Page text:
So as soon as I got my result, I rushed back to my seat and poured over the Handbook to check all of my answers on the tricky questions. And every time I discovered that I’d answered one correctly, I pumped my fist in the air and let out a “Yesssssssssssssssssssss!”

My husband, who by now was in queue to get his own result, looked over at me at one point and asked, incredulously: “Is this how you were in high school?”

Sadly, yes. And I suspect that’s true for most of us. Whether it’s taking an important test or competing in a do-or-die football match or finally screwing up the courage to ask the girl you’ve had a crush on to Senior Prom, none of us ever fully escapes the clutches of high school.

Ever.

And thank goodness for that. What on earth would I blog about?

 

Image: img057 by Haonavy via Flickr under a Creative Commons license.

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  1. Daryl Boylan July 18, 2011 at 7:39 pm #

    Actually, I never had much test anxiety in high school, not even much for math tests, because for those I was always resigned to floundering and about other subjects I was reasonably secure. So far as I was concerned, tests sure beat having to write long papers, an exercise for which I truly had to gird up my loins, my brain, my will power, & any other working parts.

  2. Kristen @ Motherese July 18, 2011 at 8:47 pm #

    Hi Delia,

    I can totally relate to this post. I have the same kind of dreams – almost always a calculus exam I hadn’t studied for in a class I had never attended. And, like you, I can’t remember ever being unprepared for a test in real life. (I think we need a Freudian analyst to tell us what’s going there…or maybe not.)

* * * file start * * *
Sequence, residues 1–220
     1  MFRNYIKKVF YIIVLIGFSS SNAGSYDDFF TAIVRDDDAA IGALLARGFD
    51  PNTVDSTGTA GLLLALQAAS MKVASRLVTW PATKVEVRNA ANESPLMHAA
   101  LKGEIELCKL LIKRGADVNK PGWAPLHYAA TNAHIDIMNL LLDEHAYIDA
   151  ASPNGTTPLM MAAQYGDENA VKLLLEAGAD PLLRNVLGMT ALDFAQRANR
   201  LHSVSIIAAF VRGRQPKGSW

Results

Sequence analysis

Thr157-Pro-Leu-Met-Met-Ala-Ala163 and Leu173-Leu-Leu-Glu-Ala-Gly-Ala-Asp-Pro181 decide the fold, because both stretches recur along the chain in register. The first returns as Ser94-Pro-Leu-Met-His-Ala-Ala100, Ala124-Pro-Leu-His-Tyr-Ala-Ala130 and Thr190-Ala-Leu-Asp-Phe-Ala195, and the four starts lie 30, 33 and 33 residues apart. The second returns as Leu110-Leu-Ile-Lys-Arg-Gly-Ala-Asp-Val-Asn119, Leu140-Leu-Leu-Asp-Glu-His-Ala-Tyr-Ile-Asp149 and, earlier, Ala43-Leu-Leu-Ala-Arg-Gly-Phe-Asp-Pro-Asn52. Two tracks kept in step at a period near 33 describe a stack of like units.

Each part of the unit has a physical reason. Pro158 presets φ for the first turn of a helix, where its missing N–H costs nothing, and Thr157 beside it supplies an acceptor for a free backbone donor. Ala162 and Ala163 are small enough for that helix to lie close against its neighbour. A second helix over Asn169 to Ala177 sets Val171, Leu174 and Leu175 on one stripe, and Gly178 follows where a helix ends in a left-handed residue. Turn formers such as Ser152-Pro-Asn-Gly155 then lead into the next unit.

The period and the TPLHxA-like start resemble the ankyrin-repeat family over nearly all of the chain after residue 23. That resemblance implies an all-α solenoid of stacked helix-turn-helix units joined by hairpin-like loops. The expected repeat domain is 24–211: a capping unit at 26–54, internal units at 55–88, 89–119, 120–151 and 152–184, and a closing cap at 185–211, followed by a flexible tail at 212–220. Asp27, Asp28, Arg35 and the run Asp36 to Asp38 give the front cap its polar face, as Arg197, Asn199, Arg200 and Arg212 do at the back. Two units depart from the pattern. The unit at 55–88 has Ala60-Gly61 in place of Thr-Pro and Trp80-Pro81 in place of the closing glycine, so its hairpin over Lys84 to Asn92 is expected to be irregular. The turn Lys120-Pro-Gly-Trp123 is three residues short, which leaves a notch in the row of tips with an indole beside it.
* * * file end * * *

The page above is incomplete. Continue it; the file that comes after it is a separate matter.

I’ve never taken a citizenship exam, but I completely over-studied for the driving test I had to take when I moved to a new state four years ago, despite having been a good driver for the 15 years before. (And I too was delighted when I aced the test and “beat” my husband’s score.)

    Congratulations on acing your test! And thanks for letting me know that we share the same testing predilections.

    • delialloyd July 19, 2011 at 7:15 am #

      yeah, it’s always calculus, ain’t it? fellow travellers one and all…

  3. Jean July 18, 2011 at 10:39 pm #

    Congrats, and I can completely relate : )

  4. BigLittleWolf July 20, 2011 at 2:30 am #

    I can thoroughly relate to this (nerdy kid that I was (am?)…

    I had dreams for years that there was just one more exam left… before I could get my degree, and I hadn’t known, hadn’t studied, and wasn’t prepared. (These dreams for many years after finishing college and grad school, both, of course.)

    Thankfully, my sons don’t obsess like this at all. (Is this more of a female phenomenon?)

    So how did Hubby do? ;)

    • Delia Lloyd July 20, 2011 at 9:34 am #

      hmmm…maybe it’s time to form a support group for people who still dream about test anxiety. hubby passed as well-he crammed and came out fine. all’s well that ends well-next stop, immigration office on Friday!

  5. Cathy August 3, 2011 at 3:16 am #

    I do not ever recall having test anxiety but one thing I know for sure, I hated high school.